All this “Democrats are too woke!” stuff never tells us anything about what Democrats (meaning: anyone of significance within the Democratic Party) actually do or say. But it always reveals so much about what truly animates the people railing against “wokeism.”
America is a country with a massive right-wing propaganda apparatus and millions of people who refuse to admit they're susceptible to it.
Which Democrats are too woke? Too woke how, exactly? Is there any legislation one could point to? What, precisely, is the Democratic Party actually doing that it shouldn’t? We never get any proper answers, the “too woke” critique remains entirely unsubstantiated.
I get the impulse to counter the pervasive criticism of Democratic “wokeness” with facts – but it’s pointless. We shouldn’t treat these claims as if they were made in good faith or focus on refuting specific statements, but highlight the underlying reactionary political project.
If this weren’t such a pervasive line of criticism among self-proclaimed moderates and liberals, it would be better to just ignore this Maher nonsense. But I encounter versions of this all the time, from people who adamantly deny any reactionary beliefs and sensibilities.
Earlier this summer, for instance, someone from the “nonpartisan” think tank world here in DC complained to me that, yes, Trump was bad, but on the other hand, “all Democrats ever do is talk about bathrooms” – during a roundtable discussion on the state of American democracy.
Some of this is just rightwing propaganda powerfully flooding the discourse with moral panic imagery – which is then adopted as factual reality. But propaganda isn’t the whole story, as it doesn’t explain the eagerness with which people well beyond the Right jump on this stuff.
There is also an element of what we might call performative centrism: “Oh, look how above the fray we are: We’re bravely pushing back against leftist orthodoxy!” This kind of neutrality-theater anti-wokeism is quite pervasive in the mainstream media and the think tank world.
There is also an ideological dimension, a widespread reactionary sensibility. “All they do is talk about bathrooms” is not really an empirical claim, but primarily an ideological statement of preference and intent that translates to: “They care too much about the wrong people.”
Such complaints about “wokeism” indicate a belief that the forces of egalitarian multiracial pluralism have been allowed to advance way too far already, that the claims of traditionally marginalized groups have lost much of their legitimacy and are simply not an urgent concern.
This anti-“woke” notion that “special interest groups” (a typically conservative, intentionally delegitimizing perspective on traditionally marginalized people) are getting too much attention, are being selfish and unreasonable, is widespread well beyond the Right.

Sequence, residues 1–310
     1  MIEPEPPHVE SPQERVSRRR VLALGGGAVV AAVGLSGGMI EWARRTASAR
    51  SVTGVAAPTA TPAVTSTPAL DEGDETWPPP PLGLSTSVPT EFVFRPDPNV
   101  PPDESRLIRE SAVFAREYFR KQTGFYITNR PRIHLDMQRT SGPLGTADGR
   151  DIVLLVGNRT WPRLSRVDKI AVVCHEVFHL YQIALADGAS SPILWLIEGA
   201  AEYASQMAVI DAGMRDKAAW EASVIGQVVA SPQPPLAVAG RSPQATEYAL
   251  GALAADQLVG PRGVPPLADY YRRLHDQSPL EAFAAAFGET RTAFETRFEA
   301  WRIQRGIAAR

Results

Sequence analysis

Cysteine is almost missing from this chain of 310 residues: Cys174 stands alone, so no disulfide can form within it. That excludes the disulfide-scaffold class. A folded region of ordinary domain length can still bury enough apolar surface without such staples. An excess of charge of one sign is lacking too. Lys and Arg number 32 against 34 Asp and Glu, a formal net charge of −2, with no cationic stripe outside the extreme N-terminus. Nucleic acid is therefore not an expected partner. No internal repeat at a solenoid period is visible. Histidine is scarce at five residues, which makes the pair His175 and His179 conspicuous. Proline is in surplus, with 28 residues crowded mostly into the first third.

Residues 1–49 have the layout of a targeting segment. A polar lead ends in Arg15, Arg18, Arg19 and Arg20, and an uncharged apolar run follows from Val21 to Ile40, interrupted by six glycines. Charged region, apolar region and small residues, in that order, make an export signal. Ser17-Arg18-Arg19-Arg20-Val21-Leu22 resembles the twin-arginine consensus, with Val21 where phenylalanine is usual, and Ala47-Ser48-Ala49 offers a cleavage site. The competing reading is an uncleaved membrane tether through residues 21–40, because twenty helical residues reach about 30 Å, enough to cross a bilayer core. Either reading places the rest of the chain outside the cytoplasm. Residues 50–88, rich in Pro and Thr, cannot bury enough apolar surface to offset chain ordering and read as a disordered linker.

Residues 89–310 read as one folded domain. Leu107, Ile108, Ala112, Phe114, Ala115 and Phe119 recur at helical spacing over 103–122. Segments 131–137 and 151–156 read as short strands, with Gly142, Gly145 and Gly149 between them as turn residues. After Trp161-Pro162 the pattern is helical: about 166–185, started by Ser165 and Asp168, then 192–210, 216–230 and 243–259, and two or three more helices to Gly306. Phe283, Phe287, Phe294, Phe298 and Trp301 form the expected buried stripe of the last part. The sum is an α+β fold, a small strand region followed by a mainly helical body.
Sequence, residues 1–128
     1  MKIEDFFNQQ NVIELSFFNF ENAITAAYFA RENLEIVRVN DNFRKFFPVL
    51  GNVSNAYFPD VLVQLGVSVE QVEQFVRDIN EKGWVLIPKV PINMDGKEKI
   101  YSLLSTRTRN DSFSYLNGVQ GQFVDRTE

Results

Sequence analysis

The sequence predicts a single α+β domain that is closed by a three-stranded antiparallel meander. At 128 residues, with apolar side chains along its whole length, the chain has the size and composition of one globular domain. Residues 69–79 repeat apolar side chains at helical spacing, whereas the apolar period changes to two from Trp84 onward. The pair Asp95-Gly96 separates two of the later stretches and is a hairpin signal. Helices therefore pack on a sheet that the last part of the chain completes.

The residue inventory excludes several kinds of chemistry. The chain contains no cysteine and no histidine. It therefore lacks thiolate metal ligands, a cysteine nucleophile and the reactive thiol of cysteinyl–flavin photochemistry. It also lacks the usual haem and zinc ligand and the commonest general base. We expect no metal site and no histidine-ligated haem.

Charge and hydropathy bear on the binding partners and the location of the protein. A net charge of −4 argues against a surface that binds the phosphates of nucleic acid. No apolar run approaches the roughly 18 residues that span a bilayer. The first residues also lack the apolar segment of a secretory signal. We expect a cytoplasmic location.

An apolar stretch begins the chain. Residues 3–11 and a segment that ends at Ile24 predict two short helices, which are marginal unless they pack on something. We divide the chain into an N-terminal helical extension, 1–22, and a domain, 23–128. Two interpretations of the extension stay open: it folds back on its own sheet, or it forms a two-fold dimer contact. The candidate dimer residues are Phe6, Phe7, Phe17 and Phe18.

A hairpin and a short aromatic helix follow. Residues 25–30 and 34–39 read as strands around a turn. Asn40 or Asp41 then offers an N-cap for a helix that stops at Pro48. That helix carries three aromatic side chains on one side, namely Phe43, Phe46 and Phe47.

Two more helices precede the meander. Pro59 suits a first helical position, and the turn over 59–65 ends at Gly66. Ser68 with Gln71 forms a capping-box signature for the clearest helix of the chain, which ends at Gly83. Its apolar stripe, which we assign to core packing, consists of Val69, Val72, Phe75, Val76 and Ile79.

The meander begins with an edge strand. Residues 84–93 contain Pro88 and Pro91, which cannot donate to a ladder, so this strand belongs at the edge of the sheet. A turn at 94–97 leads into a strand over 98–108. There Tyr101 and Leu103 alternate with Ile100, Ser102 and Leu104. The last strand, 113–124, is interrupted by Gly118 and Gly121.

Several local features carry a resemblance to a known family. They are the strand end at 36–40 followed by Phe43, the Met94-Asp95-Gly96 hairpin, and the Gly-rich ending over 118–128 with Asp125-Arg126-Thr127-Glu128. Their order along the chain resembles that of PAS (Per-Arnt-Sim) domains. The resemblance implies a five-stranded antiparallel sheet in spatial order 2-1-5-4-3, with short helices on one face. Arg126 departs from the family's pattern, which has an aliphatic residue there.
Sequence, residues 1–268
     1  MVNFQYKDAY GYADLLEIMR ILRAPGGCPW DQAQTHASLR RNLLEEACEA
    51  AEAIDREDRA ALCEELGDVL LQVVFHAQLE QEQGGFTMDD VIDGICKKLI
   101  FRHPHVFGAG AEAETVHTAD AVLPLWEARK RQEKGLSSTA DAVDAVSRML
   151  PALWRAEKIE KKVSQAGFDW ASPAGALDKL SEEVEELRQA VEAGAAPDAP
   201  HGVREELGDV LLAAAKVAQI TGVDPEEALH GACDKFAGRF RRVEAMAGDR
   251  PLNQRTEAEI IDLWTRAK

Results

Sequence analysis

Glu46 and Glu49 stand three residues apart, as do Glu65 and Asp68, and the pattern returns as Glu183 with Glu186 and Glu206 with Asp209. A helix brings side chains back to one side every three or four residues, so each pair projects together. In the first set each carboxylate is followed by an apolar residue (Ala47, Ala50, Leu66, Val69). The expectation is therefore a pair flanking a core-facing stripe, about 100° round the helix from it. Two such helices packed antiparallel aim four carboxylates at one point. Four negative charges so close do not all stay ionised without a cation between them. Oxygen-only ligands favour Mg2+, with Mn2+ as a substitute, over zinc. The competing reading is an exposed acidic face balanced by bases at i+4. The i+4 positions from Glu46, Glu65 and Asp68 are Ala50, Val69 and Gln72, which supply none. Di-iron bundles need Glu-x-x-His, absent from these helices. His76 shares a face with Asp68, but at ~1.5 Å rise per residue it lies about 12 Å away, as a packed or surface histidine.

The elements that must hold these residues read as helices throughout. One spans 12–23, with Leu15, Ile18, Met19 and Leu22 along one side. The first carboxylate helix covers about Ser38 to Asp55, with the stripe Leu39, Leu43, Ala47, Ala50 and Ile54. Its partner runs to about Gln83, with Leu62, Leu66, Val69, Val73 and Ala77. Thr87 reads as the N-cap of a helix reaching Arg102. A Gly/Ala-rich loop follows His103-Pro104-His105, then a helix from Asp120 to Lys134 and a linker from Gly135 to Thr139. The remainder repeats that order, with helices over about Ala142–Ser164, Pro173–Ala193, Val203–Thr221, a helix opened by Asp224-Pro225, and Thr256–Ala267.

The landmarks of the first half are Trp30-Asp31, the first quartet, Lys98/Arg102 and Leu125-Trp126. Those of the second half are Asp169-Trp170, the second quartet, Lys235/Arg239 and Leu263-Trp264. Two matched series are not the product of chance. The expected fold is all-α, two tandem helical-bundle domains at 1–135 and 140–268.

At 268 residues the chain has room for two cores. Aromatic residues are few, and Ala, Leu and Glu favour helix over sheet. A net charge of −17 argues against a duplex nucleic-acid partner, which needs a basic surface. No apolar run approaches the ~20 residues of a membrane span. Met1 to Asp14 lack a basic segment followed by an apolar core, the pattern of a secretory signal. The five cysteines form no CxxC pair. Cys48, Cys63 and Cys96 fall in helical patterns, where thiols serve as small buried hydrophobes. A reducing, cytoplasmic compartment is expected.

It is not the result of an actual empirical analysis, of an honest assessment of what the Democratic Party is and isn’t doing, but instead builds on a vague sense that things are changing too fast and that the “wrong” people are in charge of where the country is going.
This vague unease among those who believe there has been just enough upending of traditional hierarchies already – which often leads to an aggressively annoyed lashing out against those who insist otherwise – is so perfectly captured in this Bill Maher interview.
There is “stuff about race and gender” going on in this country, Maher says – and he’s absolutely right, of course: Traditional hierarchies of white Christian patriarchal dominance have come under pressure, and Maher evidently is not comfortable with that.
The fact that many of those who display similar reactionary anti-“woke” instincts and sensibilities consider themselves moderate or liberal – and very much not conservative – is actually important because it informs their assessment of what is happening on the “Left.”
If you are convinced to be just the right kind of reasonable / liberal /moderate, then experiencing these reactionary impulses creates a kind of intellectual and emotional dissonance that is often resolved by declaring that which makes you uncomfortable “radical” and “extreme.”
“I’m a true liberal – these people are radical, woke activists” feels a lot better than “I always thought I was pretty liberal, but I must say I’m feeling uncomfortable about these calls for equality and respect, especially when they question my status in society.”
It’s a combination of performative and reactionary centrism, and no matter the exact mix between strategic, ideological, and psychological elements, the result is the same: An aggressive lashing out that bears striking resemblance to the rightwing moral panic over “wokeism.”
And this is the level on which the response should focus. Instead of playing defense by trying to intercept and refute every single vague claim, let’s emphasize how such accusations are tied to a broader reactionary counter-mobilization against egalitarian multiracial pluralism.
Let’s focus on how such claims pave the way for a rightwing political project that seeks to delegitimize the demands for equality and respect of some of the most vulnerable groups in our society and is committed to rolling back the post-1960s civil rights order.
Anti-“wokeism” is a reactionary moral panic that builds a permission structure for people across the political spectrum to make common cause with the anti-democratic Right – or, at the very least, stifles the response to the assault on multiracial, pluralistic democracy.